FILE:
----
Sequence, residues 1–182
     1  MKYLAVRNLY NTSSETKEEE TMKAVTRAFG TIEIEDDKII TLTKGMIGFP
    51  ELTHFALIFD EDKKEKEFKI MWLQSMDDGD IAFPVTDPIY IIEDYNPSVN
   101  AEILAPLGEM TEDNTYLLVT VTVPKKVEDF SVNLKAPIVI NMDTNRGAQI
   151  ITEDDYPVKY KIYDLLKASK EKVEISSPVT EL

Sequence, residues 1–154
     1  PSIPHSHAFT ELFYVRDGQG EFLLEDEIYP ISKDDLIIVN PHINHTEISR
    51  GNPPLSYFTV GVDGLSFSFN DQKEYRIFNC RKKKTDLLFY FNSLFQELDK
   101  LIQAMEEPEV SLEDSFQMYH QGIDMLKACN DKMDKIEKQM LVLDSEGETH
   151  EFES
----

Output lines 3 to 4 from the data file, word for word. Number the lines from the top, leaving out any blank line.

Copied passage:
    51  ELTHFALIFD EDKKEKEFKI MWLQSMDDGD IAFPVTDPIY IIEDYNPSVN
   101  AEILAPLGEM TEDNTYLLVT VTVPKKVEDF SVNLKAPIVI NMDTNRGAQI